Lifting the front of her brown peasant-style skirt, Gaye began filling it with stones, rounded by rolling to and fro in the constant ebb and flow of tides. Wedged between brown, gray and white stones, bits of sea glass sparkled in the sun.
As I watched her collect her treasures, my mind flew back to the first time we met a decade ago.
I was the new religion editor at the newspaper, and I received a call from Mormon missionaries requesting an interview. In college I had learned all about the Church of Jesus Christ of Latter-day Saints, “The Book of Mormon” and the Prophet Joseph Smith, but I had never spoken to a Mormon face to face.
When I was a little girl, I had a brief encounter with Mormon missionaries. I remember my mother’s anguish as she told me and my brother that there were two men in suits knocking on the doors of our neighbors’ homes. She told us that if we were very quiet, they would go away. The men came to the door, then turned around and left before even ringing the bell; and my mother was astounded. She later noticed the sign in the window I had written in large, childish scrawl that said: “WE ARE NOT HOME.”
Needless to say, it was with some trepidation that I anticipated the interview. I asked a minister about Mormonism, and she told me that it was a cult. I had grown up watching Donnie and Marie Osmond and they seemed so nice, I responded.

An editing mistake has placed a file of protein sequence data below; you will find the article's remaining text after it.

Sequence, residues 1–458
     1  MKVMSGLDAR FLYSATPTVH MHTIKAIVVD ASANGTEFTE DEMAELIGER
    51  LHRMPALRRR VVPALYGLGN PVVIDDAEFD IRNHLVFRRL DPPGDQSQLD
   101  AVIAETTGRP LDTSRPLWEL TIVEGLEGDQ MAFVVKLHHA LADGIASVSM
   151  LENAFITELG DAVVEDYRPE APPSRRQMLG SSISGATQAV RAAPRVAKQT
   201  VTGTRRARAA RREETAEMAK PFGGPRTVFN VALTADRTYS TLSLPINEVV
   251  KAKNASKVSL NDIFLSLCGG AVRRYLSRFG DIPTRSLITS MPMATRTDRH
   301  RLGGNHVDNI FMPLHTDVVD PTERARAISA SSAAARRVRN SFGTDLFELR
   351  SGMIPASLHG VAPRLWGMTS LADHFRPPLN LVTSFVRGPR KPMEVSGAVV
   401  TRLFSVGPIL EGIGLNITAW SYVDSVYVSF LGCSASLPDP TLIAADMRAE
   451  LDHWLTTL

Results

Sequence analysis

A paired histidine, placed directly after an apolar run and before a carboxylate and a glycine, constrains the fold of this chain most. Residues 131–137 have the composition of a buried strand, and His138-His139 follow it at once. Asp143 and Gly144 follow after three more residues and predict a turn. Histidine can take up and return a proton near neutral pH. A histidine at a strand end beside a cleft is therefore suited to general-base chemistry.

A few minutes into the interview, I threw out every misconception I held about Mormons. Senior missionaries Max and Gaye would become the dearest of friends.
Eighteen months later, I met with them for what I thought would be the last time. There were tears in our eyes as we hugged goodbye. They were returning to Utah, but we vowed to stay in touch.
In 2006, I went to the Religion Newswriters Association Conference in Salt Lake City, and I spent four days with Max and Gaye. I visited Temple Square with them, and they accompanied me to the nearby cathedral.
Two years ago, they informed me that they were going on a second mission. While they longed to return to the Boston area, their placement was uncertain.
In the spring of 2011, they were reassigned here. In my professional capacity, I continued to write their faith stories; but on Christmas and Easter, they sat around our table.
Last weekend I invited Max and Gaye for our annual Labor Day bash at the Tiverton summer house, and Fogland was at its best. Sunshine streamed through the clouds bathing the seashore in an ethereal light.
Many years ago Gaye send me a prayer card that read: “As a lighthouse sends its sure, steady beam to guide the ships at sea, the Lord gives His light to guide you … There is no fog too dense, no mariner too lost to feel His love and light. He loves you.”
For my landlocked Utah friends, the beach was a whole new world. They were enthralled by its beauty.
“I am a pioneer,” Gaye said laughing, as she placed shells and stones in her uplifted skirt.
Her ancestors crossed this country in covered wagons, while mine sailed the seas.
We couldn’t be more different and more alike.
|Gaye and Max|